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I am wondering why my right arm randomly goes numb for no reason at all. I don't lift anything heavy or anything of that sort, so what could it possibly be?
August 5, 2007 6:21 PM   Subscribe

I am wondering why my right arm randomly goes numb for no reason at all. I don't lift anything heavy or anything of that sort, so what could it possibly be? Some of my friends seem to think these are early signs of a possible stroke or a heart attack but I can't really buy that since I am 22 years old, fairly relaxed with a normal amount of a stress than any college student would have. I also take no medications, I live a fairly normal lifestyle.
posted by cheero to Health & Fitness (21 answers total) 1 user marked this as a favorite
 
Can you describe the numbness a little more? Is this like your arm "falling asleep", or something else?
posted by mdonley at 6:22 PM on August 5, 2007


Numb? Like loss of sensation (incl. pain and/or temperature?) or tingling/pins-and-needles?
posted by ruwan at 6:23 PM on August 5, 2007


Depending on HOW numb, this could just be the result of lugging around a heavy backpack over your right shoulder. I think this might be a good time to visit your student health center, to be sure.
posted by kittens for breakfast at 6:26 PM on August 5, 2007


I get the tingly feeling all over my arm and it feels like my fingers are not quite there. It last up to two hours. It somewhat feels like the blood inside my arm is boiling then it turns very cold out of nowhere.
posted by cheero at 6:26 PM on August 5, 2007


Is it the whole arm, or is it just the outside of your palm and your little finger?

If it's the latter, then it's because you're applying pressure to a place on your elbow that's compressing a nerve.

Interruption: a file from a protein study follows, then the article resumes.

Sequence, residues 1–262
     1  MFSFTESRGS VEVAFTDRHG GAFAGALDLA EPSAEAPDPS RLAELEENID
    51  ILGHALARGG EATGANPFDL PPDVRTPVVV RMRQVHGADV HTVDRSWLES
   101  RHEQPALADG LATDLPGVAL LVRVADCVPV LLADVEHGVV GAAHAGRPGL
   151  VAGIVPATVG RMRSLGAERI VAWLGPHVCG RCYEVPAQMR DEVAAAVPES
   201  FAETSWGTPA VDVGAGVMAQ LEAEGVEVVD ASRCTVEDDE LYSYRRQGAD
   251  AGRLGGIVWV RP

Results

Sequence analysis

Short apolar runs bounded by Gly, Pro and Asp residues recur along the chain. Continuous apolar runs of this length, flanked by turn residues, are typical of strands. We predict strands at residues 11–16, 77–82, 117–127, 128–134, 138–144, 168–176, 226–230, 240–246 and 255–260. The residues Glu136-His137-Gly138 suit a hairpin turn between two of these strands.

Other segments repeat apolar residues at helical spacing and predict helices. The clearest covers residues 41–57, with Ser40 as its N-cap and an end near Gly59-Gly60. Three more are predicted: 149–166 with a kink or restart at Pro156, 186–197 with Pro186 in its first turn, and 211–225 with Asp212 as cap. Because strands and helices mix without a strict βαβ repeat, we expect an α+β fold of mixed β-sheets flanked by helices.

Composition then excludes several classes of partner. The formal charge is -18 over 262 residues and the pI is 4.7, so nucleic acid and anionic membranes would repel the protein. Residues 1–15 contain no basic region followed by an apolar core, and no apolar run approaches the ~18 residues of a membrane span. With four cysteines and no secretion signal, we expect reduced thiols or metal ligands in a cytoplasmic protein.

I did that to myself about ten years ago. I drove home from Vegas, and spent the entire trip with my elbow resting on the ridge next to the window on my car door. By the time I got home, I had exactly the numbness I just described, and it's come and gone ever since. (In fact, right now it's a bit numb.)
posted by Steven C. Den Beste at 6:29 PM on August 5, 2007 [1 favorite]


Do you spend a lot of time at a computer? I think (IANAD) that this can be caused by bad posture and arm position over the keyboard.
posted by charlesv at 6:37 PM on August 5, 2007


I was always under the impression that the arm pain associated with a heart attack was in the *left* arm.

Aside from the pressure backpack/desk pressure possibility, what's your diet like? Potassium defiencies can cause some seemingly weird nerve symptoms. You could get it checked out with a simple blood test.
posted by CKmtl at 6:39 PM on August 5, 2007


Go to a doctor.
posted by mzurer at 6:44 PM on August 5, 2007


Is it the whole arm, or is it just the outside of your palm and your little finger?

If it's the latter, then it's because you're applying pressure to a place on your elbow that's compressing a nerve.


And if it's the former, it could just be compression higher up (at the spinal level). A chiro can probably fix it up for you, though if you're worried about the nastier things, see a doctor.
posted by kisch mokusch at 6:46 PM on August 5, 2007


It could be a pinched nerve in your spine.
posted by MonkeySaltedNuts at 6:48 PM on August 5, 2007


Do you get it at night, too? It may also be that your mattress is too hard or your pillow is wrong. You may be pinching your neck or shoulder at night, which could be pinching a nerve. You could also be sleeping on your stomach with your head to the side, pinching a nerve as you twist your neck. Try a thinner pillow and a soft mattress pad, then sleep on your back or side (worked for me...).